Threat of crackdown doesn't stop Calif. pot expo

DALY CITY, Calif. (AP) — The federal government's vow to crack down on marijuana growing and sales operations in California has not stopped an exposition of pot paraphernalia in the San Francisco Bay area, although organizers said some vendors had pulled out.

The three-day West Coast Cannabis Expo, which began Friday, features people selling water pipes, pot containers and grow lights, and other businesses connected to the marijuana industry. It also has an area where medical marijuana users can smoke.

Expo spokeswoman Cheryl Shuman said people in the industry are fearful after federal prosecutors announced Friday that they would crack down on medical pot dispensaries.

Some vendors had pulled out, although the expo was able to find others to take their place, Shuman said.

"Everybody is scared to death," she said.

Landlords leasing property to dozens of warehouses and agricultural parcels where marijuana is being grown and for retail spaces where it is sold are receiving written warnings to evict their tenants or face criminal charges or seizure of their assets, the state's four U.S. attorneys said.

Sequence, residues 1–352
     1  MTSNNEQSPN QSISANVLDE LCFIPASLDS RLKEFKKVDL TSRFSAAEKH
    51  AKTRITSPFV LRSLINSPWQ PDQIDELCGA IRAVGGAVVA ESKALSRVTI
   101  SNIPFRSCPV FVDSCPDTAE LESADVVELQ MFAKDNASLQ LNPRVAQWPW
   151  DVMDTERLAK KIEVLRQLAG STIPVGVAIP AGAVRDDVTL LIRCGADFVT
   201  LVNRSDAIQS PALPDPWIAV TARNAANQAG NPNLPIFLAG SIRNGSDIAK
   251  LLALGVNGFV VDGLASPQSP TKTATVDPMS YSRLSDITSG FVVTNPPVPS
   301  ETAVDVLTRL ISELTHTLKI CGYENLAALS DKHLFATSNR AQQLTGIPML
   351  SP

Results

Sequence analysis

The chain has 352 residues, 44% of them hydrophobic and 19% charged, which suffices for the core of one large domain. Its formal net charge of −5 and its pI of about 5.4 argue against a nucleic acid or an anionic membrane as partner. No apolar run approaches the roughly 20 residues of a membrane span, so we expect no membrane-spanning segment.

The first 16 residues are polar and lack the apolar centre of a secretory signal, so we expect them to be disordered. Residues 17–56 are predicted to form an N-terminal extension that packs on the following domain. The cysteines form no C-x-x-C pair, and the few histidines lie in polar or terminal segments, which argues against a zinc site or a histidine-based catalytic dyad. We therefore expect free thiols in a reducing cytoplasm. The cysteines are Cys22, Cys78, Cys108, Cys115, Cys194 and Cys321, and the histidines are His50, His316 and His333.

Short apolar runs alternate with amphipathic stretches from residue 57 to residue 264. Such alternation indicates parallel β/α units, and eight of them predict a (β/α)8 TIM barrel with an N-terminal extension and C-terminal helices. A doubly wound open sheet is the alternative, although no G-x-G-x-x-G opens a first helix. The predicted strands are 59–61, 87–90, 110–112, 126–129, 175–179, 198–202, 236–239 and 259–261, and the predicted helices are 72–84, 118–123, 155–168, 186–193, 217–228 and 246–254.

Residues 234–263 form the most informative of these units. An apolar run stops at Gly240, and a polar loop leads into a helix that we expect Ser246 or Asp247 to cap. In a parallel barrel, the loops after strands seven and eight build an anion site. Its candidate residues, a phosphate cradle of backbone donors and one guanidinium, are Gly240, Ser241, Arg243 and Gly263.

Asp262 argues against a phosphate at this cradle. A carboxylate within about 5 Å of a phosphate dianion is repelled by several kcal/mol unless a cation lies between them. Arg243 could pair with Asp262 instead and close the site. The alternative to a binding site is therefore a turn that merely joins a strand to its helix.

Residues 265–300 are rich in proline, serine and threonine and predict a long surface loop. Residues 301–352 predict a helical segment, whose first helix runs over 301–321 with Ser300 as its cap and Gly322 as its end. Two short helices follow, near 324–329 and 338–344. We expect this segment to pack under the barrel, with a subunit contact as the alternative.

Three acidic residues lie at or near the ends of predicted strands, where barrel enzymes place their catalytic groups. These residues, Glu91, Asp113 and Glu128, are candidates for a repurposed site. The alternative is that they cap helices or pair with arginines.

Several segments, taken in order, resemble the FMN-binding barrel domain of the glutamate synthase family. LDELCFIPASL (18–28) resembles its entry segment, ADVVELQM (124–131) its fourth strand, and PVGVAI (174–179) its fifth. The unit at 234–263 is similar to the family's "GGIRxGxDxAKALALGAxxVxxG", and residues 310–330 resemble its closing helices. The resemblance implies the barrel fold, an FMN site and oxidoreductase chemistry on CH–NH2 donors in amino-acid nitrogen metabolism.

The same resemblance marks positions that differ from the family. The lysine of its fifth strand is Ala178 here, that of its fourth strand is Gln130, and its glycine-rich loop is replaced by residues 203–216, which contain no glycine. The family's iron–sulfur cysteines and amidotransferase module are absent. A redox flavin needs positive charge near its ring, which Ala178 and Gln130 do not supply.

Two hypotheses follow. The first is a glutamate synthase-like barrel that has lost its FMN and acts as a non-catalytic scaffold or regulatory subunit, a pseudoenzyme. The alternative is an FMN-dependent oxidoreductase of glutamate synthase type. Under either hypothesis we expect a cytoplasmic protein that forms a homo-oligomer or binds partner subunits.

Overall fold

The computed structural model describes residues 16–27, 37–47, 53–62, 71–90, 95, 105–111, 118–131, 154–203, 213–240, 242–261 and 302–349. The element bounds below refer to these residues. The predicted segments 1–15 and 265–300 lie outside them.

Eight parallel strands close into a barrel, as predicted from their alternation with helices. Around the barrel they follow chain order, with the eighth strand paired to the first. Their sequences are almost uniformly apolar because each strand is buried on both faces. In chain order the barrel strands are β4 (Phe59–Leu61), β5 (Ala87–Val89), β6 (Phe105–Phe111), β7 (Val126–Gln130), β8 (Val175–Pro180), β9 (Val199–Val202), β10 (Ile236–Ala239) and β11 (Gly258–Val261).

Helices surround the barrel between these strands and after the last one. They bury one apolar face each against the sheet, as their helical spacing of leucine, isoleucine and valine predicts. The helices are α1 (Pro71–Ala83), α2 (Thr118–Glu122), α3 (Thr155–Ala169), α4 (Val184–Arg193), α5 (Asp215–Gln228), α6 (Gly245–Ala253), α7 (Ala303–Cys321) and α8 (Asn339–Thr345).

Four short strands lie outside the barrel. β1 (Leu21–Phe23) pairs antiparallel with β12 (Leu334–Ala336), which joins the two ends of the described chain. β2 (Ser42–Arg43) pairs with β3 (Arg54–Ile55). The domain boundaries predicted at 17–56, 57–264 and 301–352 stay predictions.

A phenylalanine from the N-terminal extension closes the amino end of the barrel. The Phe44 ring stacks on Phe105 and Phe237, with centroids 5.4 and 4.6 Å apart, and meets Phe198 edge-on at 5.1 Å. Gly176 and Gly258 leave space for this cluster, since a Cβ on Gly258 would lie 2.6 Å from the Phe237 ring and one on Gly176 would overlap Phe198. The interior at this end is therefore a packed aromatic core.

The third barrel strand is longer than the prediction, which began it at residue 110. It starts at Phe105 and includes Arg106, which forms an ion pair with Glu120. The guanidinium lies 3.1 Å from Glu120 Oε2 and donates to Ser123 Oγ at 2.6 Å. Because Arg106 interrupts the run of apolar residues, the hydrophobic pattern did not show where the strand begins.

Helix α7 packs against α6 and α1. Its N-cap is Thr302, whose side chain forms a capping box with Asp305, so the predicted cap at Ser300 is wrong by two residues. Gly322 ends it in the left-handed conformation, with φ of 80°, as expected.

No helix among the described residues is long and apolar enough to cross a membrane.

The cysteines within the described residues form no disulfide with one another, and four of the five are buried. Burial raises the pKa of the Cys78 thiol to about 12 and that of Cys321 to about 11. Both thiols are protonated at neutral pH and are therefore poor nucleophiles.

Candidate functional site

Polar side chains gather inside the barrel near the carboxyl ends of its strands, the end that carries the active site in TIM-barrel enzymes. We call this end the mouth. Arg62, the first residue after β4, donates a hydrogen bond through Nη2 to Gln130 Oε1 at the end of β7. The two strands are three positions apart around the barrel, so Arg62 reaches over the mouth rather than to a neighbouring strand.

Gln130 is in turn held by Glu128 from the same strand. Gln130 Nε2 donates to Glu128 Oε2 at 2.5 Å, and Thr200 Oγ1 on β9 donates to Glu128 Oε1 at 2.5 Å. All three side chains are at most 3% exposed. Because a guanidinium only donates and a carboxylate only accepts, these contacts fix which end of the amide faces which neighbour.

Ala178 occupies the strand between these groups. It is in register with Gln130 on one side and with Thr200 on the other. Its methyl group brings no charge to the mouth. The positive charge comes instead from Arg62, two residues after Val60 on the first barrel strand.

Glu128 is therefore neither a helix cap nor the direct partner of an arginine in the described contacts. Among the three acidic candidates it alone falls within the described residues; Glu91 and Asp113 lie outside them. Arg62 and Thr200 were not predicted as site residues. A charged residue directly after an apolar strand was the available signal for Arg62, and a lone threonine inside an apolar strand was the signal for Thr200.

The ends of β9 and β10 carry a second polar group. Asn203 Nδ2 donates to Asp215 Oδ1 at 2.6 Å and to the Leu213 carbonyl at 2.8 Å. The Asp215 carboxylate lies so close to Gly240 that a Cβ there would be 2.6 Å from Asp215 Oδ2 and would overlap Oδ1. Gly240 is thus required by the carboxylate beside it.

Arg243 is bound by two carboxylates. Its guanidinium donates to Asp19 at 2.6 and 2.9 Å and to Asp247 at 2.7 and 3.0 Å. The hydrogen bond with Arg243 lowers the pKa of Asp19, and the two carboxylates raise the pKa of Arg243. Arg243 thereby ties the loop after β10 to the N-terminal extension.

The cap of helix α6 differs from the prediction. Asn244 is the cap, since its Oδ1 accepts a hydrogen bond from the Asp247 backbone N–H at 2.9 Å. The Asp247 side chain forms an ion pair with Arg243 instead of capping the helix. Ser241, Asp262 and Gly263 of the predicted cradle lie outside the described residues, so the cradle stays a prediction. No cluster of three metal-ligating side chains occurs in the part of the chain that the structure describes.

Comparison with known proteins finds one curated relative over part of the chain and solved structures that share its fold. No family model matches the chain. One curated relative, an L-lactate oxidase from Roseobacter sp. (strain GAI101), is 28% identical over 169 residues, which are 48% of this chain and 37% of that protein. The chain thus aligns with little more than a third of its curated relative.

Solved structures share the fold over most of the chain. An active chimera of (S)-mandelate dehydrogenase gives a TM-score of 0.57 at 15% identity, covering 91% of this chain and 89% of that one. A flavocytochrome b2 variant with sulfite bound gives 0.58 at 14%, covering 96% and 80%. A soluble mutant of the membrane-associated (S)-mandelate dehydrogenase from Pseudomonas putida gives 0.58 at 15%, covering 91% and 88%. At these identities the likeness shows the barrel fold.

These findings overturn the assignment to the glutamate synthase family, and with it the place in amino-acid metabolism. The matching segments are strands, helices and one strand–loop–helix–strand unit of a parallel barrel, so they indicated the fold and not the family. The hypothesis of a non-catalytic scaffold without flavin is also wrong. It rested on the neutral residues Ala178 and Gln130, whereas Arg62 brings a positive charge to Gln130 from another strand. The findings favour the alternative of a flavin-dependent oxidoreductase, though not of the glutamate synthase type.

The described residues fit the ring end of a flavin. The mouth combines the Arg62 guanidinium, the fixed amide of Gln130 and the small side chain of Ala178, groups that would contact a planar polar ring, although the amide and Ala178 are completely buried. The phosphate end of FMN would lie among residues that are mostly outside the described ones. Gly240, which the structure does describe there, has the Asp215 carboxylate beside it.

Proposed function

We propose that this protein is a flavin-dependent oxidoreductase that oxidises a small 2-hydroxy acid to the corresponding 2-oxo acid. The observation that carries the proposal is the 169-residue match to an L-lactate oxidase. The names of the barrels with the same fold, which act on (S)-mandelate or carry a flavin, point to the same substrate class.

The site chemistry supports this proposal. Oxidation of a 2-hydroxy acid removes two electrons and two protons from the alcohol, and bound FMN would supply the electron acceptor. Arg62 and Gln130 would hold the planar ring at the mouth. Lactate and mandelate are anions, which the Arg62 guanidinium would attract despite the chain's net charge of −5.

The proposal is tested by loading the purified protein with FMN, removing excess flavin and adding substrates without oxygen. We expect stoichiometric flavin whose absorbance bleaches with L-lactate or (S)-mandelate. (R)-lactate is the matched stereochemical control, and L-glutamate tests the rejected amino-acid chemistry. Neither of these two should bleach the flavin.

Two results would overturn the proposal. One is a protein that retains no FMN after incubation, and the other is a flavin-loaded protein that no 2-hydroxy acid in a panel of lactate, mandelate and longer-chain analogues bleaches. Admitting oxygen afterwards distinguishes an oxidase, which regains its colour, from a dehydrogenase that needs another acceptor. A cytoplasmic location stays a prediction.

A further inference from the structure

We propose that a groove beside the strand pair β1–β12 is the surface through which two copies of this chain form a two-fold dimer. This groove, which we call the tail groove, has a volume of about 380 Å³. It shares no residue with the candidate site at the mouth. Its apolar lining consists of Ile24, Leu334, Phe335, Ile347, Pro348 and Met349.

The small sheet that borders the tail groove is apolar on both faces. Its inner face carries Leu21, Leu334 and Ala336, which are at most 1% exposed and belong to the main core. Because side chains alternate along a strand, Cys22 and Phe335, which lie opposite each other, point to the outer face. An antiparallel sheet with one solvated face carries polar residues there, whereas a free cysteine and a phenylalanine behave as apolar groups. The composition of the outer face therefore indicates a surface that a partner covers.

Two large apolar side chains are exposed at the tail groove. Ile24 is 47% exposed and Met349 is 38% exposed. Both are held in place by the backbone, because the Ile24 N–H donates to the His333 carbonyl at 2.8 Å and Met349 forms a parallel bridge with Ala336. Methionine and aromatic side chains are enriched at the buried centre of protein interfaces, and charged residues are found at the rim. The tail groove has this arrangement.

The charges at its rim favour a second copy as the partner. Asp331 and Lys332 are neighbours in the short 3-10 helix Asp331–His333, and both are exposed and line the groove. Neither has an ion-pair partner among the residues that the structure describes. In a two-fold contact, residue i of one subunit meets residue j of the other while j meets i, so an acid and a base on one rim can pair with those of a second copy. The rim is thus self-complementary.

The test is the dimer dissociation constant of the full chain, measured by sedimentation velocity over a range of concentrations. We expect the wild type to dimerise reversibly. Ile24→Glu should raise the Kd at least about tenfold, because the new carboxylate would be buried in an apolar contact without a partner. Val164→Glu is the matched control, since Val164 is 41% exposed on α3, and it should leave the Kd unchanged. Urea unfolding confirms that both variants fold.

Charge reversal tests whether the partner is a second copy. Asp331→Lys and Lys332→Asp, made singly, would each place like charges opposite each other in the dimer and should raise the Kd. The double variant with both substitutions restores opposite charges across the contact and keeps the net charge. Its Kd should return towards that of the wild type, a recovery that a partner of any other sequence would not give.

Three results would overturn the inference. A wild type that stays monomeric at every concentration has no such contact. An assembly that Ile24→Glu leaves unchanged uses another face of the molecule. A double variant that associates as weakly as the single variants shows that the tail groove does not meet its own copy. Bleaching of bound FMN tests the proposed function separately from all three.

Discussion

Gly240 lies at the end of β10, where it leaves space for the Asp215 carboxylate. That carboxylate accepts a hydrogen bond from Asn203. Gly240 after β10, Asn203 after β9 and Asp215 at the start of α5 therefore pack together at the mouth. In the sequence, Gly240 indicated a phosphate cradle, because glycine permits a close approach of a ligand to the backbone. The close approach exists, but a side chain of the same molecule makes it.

They say the state's law legalizing medical marijuana was intended to allow it to be supplied to seriously ill people on a nonprofit basis. But is has been hijacked by people who are just looking to get rich, they say.

James Slatic, who supplies yellow prescription bottles to medical marijuana dispensaries through his business, PotBottles.com, said he was worried about going bankrupt. He had a booth at the expo.

"I've invested my life savings in my business," said Slatic, 52.

He said he employs five people, has three trucks that deliver the bottles and a 3,000-square-foot warehouse. The uncertainty has already led some of his clients to reduce their orders, he said.

"I meet the patients. I see the patients waste away with cancer," Slatic said. "It's not a joke."

In addition to helping people in need, Slatic said the industry provides thousands of jobs.

Others were more optimistic about what would come of the planned crackdown. Jeff Balsamo, 49, said he uses medical marijuana for spinal arthritis and has been getting it even before it was legal in the state.

Although a crackdown would make it harder to get marijuana, it would not be impossible, Balsamo said.

"In America, you can get anything you want," he said.

Shuman said the federal action could have an unintended consequence.

"I think that this is going to be a call to action," she said. "If you ever valued your rights as a patient or business owner, you need to be here today."

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